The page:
The Electronic Intifada 2 March 2005
On the morning of Friday, February 25, 2005 a group of approximately 300 Israelis, Palestinian refugees and international activists gathered near the highway leading out of Jerusalem towards Tel Aviv. In the valley below lay the ruins of the ancient Palestinian village of Lifta. The event was part tour, part protest, and part homecoming. It had different meanings for each of the groups involved.
The organization responsible for planning the event, Zochrot (Hebrew for “Remembering”) takes Israelis on tours of depopulated and partially destroyed Palestinian villages. They bring Palestinian refugees to tell the stories of their village and plant signs in Arabic and Hebrew that explain what happened there. This event, however, was also a protest aimed at stopping the impending demolition of what remains of Lifta.
The village is scheduled to be removed and/or “renovated.” The demolition of Lifta, sponsored by the Israel Lands Administration, is part of the Israeli government’s development plan for West Jerusalem. It calls for the construction of 243 villas (each 200 m2), a hotel, museum and Synagogue. The heart of Lifta’s old city will be renovated and turned into a trendy mall for high-priced Israeli crafts and other goods.
For the Palestinian refugees who came on Friday, however, the event was primarily an opportunity to visit their village. To be sure, they accompanied the marchers and carried signs protesting the demolition plans, and they participated in Zochrot’s program by sharing their stories and knowledge of Lifta and their life before 1948.
Most of the refugees, however, left the group and wandered the ruins of the village. Most went first to their family homes. They brought their children and relayed small anecdotes about the houses. They cleaned rubbish from the inside and the front stoop and sat silently inside the houses or outside the doors.
“We are only able to visit the village about once a year,” a refugee man told me as he held his baby and gazed out the window of his family’s home, “It is too dangerous to come alone because of the [Israeli] settlers that are usually here, so we have to wait for a group before we can come.”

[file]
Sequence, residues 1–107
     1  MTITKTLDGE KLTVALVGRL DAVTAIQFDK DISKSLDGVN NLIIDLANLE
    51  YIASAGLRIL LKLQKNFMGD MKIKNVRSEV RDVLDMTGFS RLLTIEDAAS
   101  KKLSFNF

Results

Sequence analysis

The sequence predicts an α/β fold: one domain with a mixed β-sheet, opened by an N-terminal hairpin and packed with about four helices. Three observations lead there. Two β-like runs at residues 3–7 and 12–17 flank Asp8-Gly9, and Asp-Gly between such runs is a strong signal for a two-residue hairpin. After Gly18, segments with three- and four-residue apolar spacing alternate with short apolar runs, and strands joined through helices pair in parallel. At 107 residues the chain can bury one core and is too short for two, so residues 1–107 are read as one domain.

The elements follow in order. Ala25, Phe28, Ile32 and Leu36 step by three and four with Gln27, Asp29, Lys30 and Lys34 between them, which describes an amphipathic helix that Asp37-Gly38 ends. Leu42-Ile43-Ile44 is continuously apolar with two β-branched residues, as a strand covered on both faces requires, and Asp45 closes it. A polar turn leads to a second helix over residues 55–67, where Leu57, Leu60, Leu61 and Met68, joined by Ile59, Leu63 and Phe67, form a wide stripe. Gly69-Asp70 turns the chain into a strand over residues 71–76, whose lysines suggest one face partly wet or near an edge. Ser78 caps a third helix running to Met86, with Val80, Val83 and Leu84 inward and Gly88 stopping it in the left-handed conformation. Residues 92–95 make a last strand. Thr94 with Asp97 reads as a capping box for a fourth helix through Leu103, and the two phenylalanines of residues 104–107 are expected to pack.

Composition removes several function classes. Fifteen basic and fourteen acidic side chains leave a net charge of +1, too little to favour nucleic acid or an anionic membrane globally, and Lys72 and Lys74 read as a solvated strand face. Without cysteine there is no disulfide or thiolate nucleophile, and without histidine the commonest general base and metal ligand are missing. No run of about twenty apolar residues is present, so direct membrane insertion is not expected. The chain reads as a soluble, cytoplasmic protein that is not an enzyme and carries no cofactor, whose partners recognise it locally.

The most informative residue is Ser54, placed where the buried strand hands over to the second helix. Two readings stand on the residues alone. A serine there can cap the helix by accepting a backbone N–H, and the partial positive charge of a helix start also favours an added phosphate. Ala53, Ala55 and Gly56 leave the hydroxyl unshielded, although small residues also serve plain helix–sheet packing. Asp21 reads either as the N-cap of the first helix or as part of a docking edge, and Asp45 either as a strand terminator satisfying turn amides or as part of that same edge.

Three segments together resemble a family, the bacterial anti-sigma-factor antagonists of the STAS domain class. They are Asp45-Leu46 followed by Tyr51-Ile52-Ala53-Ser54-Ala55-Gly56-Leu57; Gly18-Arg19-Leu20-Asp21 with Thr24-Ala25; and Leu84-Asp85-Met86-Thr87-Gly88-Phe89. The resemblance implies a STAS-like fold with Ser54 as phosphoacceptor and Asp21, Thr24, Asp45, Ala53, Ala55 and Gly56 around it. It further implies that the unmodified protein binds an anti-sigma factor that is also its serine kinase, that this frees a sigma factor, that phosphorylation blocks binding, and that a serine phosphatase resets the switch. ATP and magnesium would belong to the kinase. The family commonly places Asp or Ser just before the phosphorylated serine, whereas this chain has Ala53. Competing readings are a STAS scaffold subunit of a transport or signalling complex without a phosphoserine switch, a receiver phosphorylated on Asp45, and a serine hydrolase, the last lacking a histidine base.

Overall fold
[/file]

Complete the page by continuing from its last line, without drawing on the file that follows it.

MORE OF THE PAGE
Indeed, many Palestinian refugees from Lifta are not allowed to visit at all. The people who came on Friday lived in East Jerusalem, meaning they could travel to the village without passing through any Israeli checkpoints. Many of Lifta’s villagers, however, fled farther into the West Bank and beyond. Israel does not permit them to pass through the checkpoints and their village remains a cloudy reality passed down through the generations in stories and memories.
Lifta is not unique. Like 417 other Palestinian towns and villages, Lifta was forcibly depopulated and ethnically cleansed in 1948 to make way for the state of Israel. In fact, in many ways, to tell the story of Lifta is to tell the story of Al Nakba, the Palestinian “Catastrophe” of 1948.
According to the refugees from Lifta, the village was once one of the largest and wealthiest communities in the Jerusalem region. The beauty of the old homes still standing upon the overgrown hillside pays tribute to that prosperous past. In fact, Lifta’s lands once covered 8,743 dunum (8.7 km2) and stretched from the hills west of Jerusalem right up to the gates of the old city itself. The population of the village in 1948 was approximately 2,550 (including 2,530 Muslim and 20 Christian Palestinians). Like most Palestinian villages, many of Lifta’s residents were dependent on agriculture and cultivated 3,000 dunums (3 km2) of land, including 1,500 olive trees.
According to research compiled by Palestine Remembered, Lifta was originally a Canaanite village and during Biblical and Roman times it was known by the name Nephtoah. In the Byzantine period it was called Nephtho, and the Crusaders referred to Lifta as Clepsta. Before 1948, the village had been continuously inhabited for well over 2,000 years.
In the years leading up to the 1948 war, however, the village fell under attack by Jewish militias operating in the area. On the 28th of December, 1947 six people were gunned down in the village coffeehouse, by members of two Jewish militias, the Stern Gang (whose commander, Yitzhak Shamir, later became Prime Minister of Israel) and the Irgun (whose commander, Menachem Begin, also later served as Prime Minister of Israel). Some of Lifta’s residents sold their property to European investors eager to acquire more land for Jewish settlement. Many more left early on. According to the descendents of the villagers, however, a significant number remained in Lifta into the first months of 1948.